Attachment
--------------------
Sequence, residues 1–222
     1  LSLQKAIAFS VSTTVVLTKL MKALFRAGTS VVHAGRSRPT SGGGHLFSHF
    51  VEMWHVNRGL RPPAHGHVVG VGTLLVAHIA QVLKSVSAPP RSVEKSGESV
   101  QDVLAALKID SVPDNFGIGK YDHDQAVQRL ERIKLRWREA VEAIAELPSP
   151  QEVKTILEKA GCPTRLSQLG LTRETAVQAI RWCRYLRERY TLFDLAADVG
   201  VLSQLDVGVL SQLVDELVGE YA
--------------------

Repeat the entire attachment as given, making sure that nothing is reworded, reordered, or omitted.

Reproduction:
Sequence, residues 1–222
     1  LSLQKAIAFS VSTTVVLTKL MKALFRAGTS VVHAGRSRPT SGGGHLFSHF
    51  VEMWHVNRGL RPPAHGHVVG VGTLLVAHIA QVLKSVSAPP RSVEKSGESV
   101  QDVLAALKID SVPDNFGIGK YDHDQAVQRL ERIKLRWREA VEAIAELPSP
   151  QEVKTILEKA GCPTRLSQLG LTRETAVQAI RWCRYLRERY TLFDLAADVG
   201  VLSQLDVGVL SQLVDELVGE YA